The concept of Dharana is just not merely holding the thoughts running in our mind but bringing one’s awareness and consciousness to a state where the body’s and mind’s propensity are functioning together. The state of Dharana provides supreme relaxation, mental power, and a greater ability to concentrate. With regular practice and dedication, we become aware of our thoughts. With Dharana, we train our minds of understanding and deal with our surroundings. The greater our awareness the better will be our control of the distressing nature of our personality like anxiety, negative thoughts, fear, depression, emotions, and so forth.
Practices Taught in Our 200 Hours Yoga TTC:-
Yoga Nidra (Deep Relaxation technique),
Kaya Sthairyam(Body Stillness),
Ajapa Japa (Meditation on Spontaneous sound),
Chakra shuddhi (Meditation on energy Centers),
Antar Mouna (Inner Silence),
Chidakash Dharana(Conscious Head Space)
1. How to sequence a progressive class dynamic and restorative
2. Teaching Methodology
Beginning a Class
Demonstration of Asanas in Class
3. Teaching Principles
Daily Schedule(Monday to Saturday)
A typical day in our 200 hour Yoga Teacher Training Course comprises of various elements - practical sessions and theory workshops every day. Every day, you will get opportunity to immerse yourself in three practice sessions and three theory workshops. Each of these sessions will equip you with the knowledge and understanding of various facets of yogic wisdom.
Start your day by activating your mind and body and follow the most important and primary techniques of traditional Hatha Yoga.
We provide nourishing and balanced meals throughout the day. Breakfast prepared in our kitchen is nutritious, tasty, balanced and prepared from fresh nuts, vegetables, fruits and grains. During your stay with us, you would have an opportunity to taste traditional Indian delicacies.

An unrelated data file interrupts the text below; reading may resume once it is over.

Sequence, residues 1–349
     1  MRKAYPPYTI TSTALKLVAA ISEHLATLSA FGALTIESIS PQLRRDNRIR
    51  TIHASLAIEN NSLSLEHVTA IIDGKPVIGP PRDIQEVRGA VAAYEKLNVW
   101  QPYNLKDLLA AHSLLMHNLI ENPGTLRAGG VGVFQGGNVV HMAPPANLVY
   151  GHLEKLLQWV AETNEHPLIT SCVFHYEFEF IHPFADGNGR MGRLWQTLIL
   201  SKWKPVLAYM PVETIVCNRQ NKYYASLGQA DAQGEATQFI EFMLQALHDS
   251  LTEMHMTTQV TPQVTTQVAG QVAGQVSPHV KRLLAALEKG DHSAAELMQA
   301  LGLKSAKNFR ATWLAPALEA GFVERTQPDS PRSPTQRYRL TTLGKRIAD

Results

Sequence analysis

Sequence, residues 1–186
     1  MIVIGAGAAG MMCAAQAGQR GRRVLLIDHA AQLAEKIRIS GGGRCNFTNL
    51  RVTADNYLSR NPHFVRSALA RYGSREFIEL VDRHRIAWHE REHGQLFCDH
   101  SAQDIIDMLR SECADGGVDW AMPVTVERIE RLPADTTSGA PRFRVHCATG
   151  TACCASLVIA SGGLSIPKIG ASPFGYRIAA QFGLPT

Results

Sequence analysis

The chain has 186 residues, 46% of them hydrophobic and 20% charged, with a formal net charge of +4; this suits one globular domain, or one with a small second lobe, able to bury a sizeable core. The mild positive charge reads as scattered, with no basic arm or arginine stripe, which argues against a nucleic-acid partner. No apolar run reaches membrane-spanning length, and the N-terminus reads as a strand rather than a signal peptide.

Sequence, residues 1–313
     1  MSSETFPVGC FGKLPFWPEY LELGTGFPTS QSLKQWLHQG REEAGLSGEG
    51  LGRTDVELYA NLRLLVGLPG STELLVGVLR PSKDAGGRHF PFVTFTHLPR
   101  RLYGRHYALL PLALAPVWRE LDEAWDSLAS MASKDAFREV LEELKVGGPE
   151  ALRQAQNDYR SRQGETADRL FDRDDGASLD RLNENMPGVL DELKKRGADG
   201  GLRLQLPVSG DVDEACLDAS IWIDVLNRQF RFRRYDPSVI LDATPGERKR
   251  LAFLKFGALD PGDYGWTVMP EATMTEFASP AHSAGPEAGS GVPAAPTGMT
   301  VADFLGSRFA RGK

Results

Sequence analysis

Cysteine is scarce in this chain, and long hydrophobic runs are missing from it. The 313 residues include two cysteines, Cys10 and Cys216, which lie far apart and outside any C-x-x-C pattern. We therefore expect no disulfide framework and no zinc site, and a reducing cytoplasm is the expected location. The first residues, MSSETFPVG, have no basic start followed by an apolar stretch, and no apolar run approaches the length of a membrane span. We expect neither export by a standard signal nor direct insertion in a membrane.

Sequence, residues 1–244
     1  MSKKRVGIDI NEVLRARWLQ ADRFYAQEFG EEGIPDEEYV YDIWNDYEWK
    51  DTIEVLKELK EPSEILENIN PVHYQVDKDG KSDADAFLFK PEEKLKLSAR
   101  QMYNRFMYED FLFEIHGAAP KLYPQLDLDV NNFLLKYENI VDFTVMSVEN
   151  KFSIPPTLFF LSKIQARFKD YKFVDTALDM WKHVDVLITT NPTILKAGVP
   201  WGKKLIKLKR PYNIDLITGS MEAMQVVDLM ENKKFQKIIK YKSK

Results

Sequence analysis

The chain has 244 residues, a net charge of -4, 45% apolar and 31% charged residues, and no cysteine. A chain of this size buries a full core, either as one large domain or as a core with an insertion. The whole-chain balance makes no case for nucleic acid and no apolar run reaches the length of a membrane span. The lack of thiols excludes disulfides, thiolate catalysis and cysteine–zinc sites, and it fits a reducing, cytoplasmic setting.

Yoga Philosophy Talks
In this theory cum discussion session we will get in to the roots of our yogic traditions and how we can maintain its authenticity by inculcating those principles in our teaching and life.
Alignment & Teaching methodology
This session will help to understand the correct way of doing the poses enhancing your awareness of each posture with an insights to prevent accidents during a class.
Anatomy & Physiology and Teaching Methodology
This is a dedicated session on Anatomy & physiology and Teaching Methodology. It will focus on application of yogic practices in light of in-depth knowledge of human anatomy and physiology.
We serve pure vegetarian, ‘sattvik’, wholesome and nutritious. The food prepared in our kitchen includes freshies, ghee (clarified butter), fruits, legumes, and whole grains. The meals help you maintain the lightness of your body and helps to keep the mind calm.
Pranayama / Yoga Nidra / Mantra /Meditation
While you stay with us we encourage you the maintain journal of your day to day experiences. We believe that maintaining a record will definitely make your journey more mindful and insightful
10:00 pm: Lights out
(Sunday - A day to relax/excursions/local sightseeing etc)
At Rishikesh Yogis, India
In this training, you will study and deconstruct asana (yoga poses), pranayama (breath work), meditation, applied anatomy, therapeutics, yoga theory & practice, yoga history & philosophy, basic Sanskrit, ethics & boundaries, and you will master the skills required to teach. With great precision and clarity, your trainer will cover the primary tools needed to teach yoga to others. In addition to studying the fundamental yoga postures, topics will include: